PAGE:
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The Historical Accuracy of 42

Since I know very little about baseball, the Jackie Robinson movie 42 presented me with
a flood of new information about the sport, the historical context within which Robinson was
signed as the first Black player in the national leagues, and about his life and the trials and
discrimination that he faced in pre-Civil Rights America. It is not always easy, however, to
untangle the facts that are historically accurate from those that are exaggerated or hyperdramatized in order to create a more visually and emotionally intense experience in the audience.
The movie as a whole is very attentive to detail and historical accuracy, but replaces realistic
dialogue with idealistic speeches and places the focus more on Jackies personal life and
emotional reactions to the discrimination against him as a Black man instead of focusing on the
social and historical significance of baseball in America and on Robinsons impact in the Black
community, which is referenced many times in conversation but never discussed or explored.
One question the movie raised for me was whether the Brooklyn Dodgers president
Branch Rickey actually supported equal rights or if he was motivated completely by a different
motive, such as money or media attention for the Dodgers. During one scene in 42, Rickey is
talking to another coach as Robinson is in the process of try-outs, and tells the coach that he will
be fired if he cant treat Robinson as an equal. There are several other scenes where Rickeys
character speaks out against racism. While the movie focuses on money as the main motivator
for almost all of the characters, second only to a deep love of the sport of baseball, it does cause
the audience to fully sympathize with Robinson and quite a few lines in the movie criticize
racism. It turns out that Rickey was indeed vocal about his support of Robinson and of equal
rights, but that he was also motivated by business. He stated in a remark to the press that I
signed Robinson in spite of the pressure-groups who are only exploiting the Negroes, instead of

advancing their cause. I signed him because I knew of no reason why I shouldnt. I want to win
baseball games, and baseball is a game that is played by human beings (1). In a later interview,
he revealed that his belief in equal rights was also a strong motive in signing African Americans
to the Dodgers (2) as was his deep belief in Christianity, which the movie correctly depicts. The
movie also accurately portrays the mixed reactions of Robinsons teammates to his joining the
team. One of the most dramatic scenes in the movie depicts the game between the Dodgers and
the Phillies where manager Ben Chapman taunts Robinson and tries to distract him from the
game with racial remarks and slurs. While I didnt question the accuracy of Chapmans open
racism, I did wonder if the Dodgers did nothing when this event happened, or if some defended
Robinson as they did in the movie. Once again, the movie stays true to the facts. Rickey told
press reporters that "Chapman did more than anybody to unite the Dodgers, and that "when he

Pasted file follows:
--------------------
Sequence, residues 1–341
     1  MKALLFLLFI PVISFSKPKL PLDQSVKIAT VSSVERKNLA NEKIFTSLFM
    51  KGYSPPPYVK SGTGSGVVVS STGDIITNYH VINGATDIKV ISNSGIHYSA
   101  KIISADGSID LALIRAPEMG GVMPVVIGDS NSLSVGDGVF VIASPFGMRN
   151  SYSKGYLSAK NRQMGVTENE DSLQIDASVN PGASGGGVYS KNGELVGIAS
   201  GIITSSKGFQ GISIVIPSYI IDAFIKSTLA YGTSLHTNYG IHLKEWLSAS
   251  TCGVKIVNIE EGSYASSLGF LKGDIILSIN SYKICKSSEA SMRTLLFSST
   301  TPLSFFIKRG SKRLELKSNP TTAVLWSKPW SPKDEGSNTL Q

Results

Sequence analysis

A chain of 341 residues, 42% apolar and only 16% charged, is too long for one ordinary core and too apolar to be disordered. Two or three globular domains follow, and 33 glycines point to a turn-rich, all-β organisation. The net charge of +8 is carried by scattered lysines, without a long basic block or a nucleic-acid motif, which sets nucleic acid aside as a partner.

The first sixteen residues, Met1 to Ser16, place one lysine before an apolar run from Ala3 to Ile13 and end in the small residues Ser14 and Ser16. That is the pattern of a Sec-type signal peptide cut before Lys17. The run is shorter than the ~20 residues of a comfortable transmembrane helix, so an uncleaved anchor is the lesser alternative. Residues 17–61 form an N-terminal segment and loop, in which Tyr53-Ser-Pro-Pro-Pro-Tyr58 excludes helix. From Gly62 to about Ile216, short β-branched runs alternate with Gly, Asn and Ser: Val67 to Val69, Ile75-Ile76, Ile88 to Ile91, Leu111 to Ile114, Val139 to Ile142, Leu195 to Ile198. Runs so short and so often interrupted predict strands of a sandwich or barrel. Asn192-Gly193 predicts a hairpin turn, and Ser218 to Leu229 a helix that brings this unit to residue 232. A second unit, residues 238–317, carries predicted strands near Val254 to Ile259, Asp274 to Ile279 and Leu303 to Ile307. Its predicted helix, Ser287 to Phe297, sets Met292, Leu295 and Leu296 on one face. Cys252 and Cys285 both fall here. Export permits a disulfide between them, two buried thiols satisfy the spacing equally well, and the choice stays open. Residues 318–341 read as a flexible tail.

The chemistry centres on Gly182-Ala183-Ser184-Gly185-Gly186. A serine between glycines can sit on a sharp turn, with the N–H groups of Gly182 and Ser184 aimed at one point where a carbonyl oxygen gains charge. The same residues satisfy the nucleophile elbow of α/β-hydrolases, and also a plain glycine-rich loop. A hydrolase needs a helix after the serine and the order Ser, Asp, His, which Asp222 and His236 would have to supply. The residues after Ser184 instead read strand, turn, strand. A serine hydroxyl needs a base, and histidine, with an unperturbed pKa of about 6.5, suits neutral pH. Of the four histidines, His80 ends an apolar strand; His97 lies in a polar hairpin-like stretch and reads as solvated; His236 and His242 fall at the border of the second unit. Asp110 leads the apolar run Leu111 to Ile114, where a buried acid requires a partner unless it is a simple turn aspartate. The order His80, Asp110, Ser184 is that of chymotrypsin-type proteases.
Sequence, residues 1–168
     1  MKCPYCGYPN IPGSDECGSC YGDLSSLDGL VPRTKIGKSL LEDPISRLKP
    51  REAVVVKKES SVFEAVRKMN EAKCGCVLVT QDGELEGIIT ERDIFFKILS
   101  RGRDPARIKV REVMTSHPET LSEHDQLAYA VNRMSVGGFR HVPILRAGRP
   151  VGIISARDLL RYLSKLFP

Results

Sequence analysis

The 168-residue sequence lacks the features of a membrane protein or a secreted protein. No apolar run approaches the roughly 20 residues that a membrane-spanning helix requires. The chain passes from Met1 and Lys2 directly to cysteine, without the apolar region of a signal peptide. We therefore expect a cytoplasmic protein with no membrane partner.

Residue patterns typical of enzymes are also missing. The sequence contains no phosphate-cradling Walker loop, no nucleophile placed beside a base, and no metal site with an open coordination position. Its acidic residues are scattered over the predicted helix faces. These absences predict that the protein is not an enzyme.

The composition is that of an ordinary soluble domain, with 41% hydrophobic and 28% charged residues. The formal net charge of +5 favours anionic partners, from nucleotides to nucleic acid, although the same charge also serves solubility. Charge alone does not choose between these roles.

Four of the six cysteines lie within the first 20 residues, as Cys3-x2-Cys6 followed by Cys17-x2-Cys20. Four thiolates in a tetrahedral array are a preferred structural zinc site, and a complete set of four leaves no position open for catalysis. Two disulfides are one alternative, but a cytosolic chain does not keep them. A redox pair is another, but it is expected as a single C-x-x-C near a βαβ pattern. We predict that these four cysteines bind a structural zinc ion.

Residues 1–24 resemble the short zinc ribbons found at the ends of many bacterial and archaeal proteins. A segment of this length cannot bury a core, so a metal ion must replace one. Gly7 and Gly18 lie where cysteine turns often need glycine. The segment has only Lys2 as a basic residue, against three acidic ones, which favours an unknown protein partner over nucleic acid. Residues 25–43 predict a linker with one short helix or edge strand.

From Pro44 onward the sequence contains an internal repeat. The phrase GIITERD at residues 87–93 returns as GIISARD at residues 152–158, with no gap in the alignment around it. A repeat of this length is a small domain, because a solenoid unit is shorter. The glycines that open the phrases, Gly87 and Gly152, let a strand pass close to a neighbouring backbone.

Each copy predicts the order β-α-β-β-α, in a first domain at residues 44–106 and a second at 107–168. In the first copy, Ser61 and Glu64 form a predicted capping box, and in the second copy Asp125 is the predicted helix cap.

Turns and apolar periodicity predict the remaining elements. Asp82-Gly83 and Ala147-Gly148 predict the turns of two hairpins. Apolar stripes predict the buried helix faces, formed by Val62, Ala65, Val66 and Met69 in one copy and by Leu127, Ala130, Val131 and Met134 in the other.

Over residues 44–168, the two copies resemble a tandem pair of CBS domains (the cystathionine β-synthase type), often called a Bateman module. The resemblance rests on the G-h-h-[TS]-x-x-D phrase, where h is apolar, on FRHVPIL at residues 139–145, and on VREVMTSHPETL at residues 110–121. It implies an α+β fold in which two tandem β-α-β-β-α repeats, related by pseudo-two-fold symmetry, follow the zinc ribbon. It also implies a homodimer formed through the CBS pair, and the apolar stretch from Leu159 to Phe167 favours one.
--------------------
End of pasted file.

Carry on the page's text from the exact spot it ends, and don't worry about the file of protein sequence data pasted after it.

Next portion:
poured out that stream of unconscionable abuse, he solidified and unified 30 men" (3).
However, the movie is not a documentary, and thus Hollywood takes some liberties with
the interpretation and presentation of the topic. Most of the dialogue, while it may be accurate, is
overly idealistic and glamourized, especially the interactions between Robinson and Rickey and
between Robinson and his wife. The movie also presents Robinson as being almost indifferent
to his role in the Black community, saying several times that he is willing to deal with
discrimination because he wants to make money or because he loves baseball, but not because he
cares about equal rights, when in fact he was very conscious of his baseball career as a symbol
of black opportunity (4). Breaking the color barrier in popular sports years before Brown v.
Board was ruled unconstitutional, Robinson also eventually became a business executive and
continued to champion the cause of civil rights, participating in voter-registration drives in the
South, and working with Martin Luther King Jr. (5). The movie also glosses over Robinsons

impact on American society and culture as a whole, and instead focuses on his personal struggle
against the racism that he experienced within the world of baseball. The general public was in
fact very interested in Robinson, whether or not they supported integrated sports teams, and he
became an icon in American pop-culture (6). During the time of Robinsons career, baseball was
also an extremely popular and important sport in the United States. It was created in the U.S.
and so was used to represent American nationalism, innovation, and strength, but it is also a sport
that emphasizes teamwork, logic, skill, and wholesome all-American play. Writer and cultural
critic Gerald Early discusses at length the deep relationship between baseball and American
culture and examines the mirroring of Democratic American values within the structure of the
game itself (7). While the movie does not quite create realistic interactions or dialogue, and
focuses on creating emotional reactions in the audience to Robinsons struggles rather than on his
immense impact on American culture and the equal rights movement, 42 is very historically
accurate in its portrayal of facts, events, and the general reactions of people in the baseball world
to Robinson.